After months of provocations and covert operations against the LTTE, Rajapakse ordered a major offensive in July to retake the Mavilaru irrigation sluice gate inside LTTE territory in open breach of the ceasefire agreement. The pretext for this “humanitarian” operation was to provide water to farmers downstream by opening the sluice gate. The government had a direct hand in provoking the protest closure by blocking a water project within the LTTE territory.
Over the past two months, the army has unleashed further offensives to capture LTTE territory, including the key strategic positions of Sampur opposite the Trincomalee naval base and Muhamalai at the southern entrance to Jaffna peninsula. All of this, along with repeated air strikes on LTTE areas and camps, has been justified with the lie that the military is engaged in purely “defensive actions” to neutralise the LTTE.
While Rajapakse was at the UN talking about his “vision for peace” and “plans for a consultative process to address the concerns of minorities,” his SLFP was engaged in negotiations to formally bring the Sinhala chauvinists of the JVP into the government. JVP leaders are insisting on conditions that are tantamount to a declaration of war on the LTTE, including tearing up the 2002 ceasefire agreement. With the major opposition party, the United National Party, backing the army offensives, Rajapakse’s “national consensus” is in fact an agreement to wage war.
Rajapakse’s posturing as a defender of human rights was just as ridiculous. Under the current state of emergency, police state powers are being used to suppress media freedoms and carry out arbitrary searches and detentions.
Abductions and killings continue unabated. The Sri Lankan Human Rights Commission recently reported that it had received 419 formal complaints about abductions on the Jaffna peninsula from last December up to August, including 67 in August alone. The Centre for Policy Alternative reported to the UN Human Rights Commission last week that 706 murders had taken place between April and July for which there has been no police investigation.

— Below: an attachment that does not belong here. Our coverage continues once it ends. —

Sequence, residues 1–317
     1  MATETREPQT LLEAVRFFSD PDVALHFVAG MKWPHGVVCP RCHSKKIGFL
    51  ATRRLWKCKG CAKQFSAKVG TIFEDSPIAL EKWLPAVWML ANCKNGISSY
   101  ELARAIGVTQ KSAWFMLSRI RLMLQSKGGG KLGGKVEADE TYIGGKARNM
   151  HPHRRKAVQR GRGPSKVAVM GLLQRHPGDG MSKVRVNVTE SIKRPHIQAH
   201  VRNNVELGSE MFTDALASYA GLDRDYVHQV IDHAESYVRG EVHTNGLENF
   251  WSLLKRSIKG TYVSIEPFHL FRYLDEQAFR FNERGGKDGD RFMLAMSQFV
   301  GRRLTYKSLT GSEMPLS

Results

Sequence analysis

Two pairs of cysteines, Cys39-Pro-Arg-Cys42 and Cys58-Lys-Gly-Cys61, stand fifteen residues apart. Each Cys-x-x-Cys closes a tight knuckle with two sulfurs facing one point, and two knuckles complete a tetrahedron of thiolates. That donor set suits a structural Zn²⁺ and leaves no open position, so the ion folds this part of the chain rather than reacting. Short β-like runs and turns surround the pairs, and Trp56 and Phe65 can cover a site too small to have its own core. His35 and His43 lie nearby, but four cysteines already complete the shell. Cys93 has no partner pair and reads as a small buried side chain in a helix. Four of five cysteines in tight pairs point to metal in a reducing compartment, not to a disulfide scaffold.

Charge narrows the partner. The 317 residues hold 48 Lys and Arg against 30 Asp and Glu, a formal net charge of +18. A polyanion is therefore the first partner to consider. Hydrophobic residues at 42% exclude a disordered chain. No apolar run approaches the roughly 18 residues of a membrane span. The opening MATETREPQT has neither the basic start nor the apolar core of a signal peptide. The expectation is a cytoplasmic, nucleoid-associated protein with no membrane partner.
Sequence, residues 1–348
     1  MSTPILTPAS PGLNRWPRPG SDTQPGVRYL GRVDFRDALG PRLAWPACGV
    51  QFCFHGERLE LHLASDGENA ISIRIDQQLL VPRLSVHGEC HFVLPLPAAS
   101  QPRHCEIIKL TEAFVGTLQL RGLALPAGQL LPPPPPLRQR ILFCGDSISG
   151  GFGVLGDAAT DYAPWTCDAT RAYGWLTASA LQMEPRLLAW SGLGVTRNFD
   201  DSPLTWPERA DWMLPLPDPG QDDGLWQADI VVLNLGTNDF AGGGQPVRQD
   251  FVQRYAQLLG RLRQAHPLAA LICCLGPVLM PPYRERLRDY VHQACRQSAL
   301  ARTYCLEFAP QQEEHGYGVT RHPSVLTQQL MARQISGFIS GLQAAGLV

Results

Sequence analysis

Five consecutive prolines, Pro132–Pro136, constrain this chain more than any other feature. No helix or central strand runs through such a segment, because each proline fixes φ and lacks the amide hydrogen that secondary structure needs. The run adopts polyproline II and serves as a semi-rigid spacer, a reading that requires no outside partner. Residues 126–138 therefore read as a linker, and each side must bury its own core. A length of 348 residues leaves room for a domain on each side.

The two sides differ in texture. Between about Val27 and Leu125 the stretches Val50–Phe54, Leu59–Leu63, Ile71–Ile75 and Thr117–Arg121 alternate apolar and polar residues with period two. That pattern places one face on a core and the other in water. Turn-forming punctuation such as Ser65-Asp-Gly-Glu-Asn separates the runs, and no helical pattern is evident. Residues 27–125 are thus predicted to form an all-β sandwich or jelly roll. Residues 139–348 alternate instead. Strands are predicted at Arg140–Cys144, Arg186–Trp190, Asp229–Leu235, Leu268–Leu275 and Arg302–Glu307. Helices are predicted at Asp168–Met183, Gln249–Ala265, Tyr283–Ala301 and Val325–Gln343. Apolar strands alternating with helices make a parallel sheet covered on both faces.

The Socialist Equality Party in Sri Lanka and the World Socialist Web Site are currently waging an international campaign to demand a full investigation into the execution-style murder of party supporter Sivapragasam Mariyadas on August 7. All the evidence points to the army’s involvement in the killing. (See: “Sri Lankan SEP demands full investigation into murder of Sivapragasam Mariyadas”)
To dispel growing concerns about his government’s record, Rajapakse told the UN that he would appoint “an international panel to observe investigations into certain alleged human rights violations”. Another lie. Rajapakse made a similar promise following the murders of the 17 Action Contre la Faim aid workers but has since ditched the proposal and handed the inquiry to a local magistrate.
Just three days before Rajapakse’s address to the UN, his government rejected the call for an international probe into the killing of 10 Muslims in Pottuvil, in all likelihood by elite police commandos. Government defence spokesman Keheliya Rambukwella declared that an international inquiry was unnecessary as Sri Lanka already had the necessary expertise. The only relevant “expertise” that the Sri Lankan police have developed is the ability to cover up the criminal role of the security forces.
Rajapakse’s claims to be “pro-poor” were just as threadbare. “In the first quarter of this year, we recorded a growth of 8.1 percent—the highest in 28 years,” he boasted. “With our determination to further enhance growth with equity, we have adopted a strategy that will provide opportunities for all citizens, while at the same time giving the private sector adequate space, as the engine of growth.”
The president’s comments were simply a declaration that his government intends to continue the pro-market policies of regulation and privatisation that are producing a widening gulf between rich and poor. The official inflation rate hit 17.7 in July, the highest for years—an indication of sharply rising prices for basic commodities. Deteriorating living standards have provoked a wave of strikes and protests.
Rajapakse’s government gazetted an essential services order banning strikes in many industries and mandating the arrest of trade union leaders and other “inciters”. The presidential secretariat yesterday issued a statement withdrawing the regulations, but this action cannot hide the underlying strategy of the government. Confronted with a deepening social crisis for which he has no answers, Rajapakse is resorting to the same reactionary methods as his predecessors: stirring up communalism and prosecuting war to divide the working class as he prepares for further attacks on living standards and democratic rights.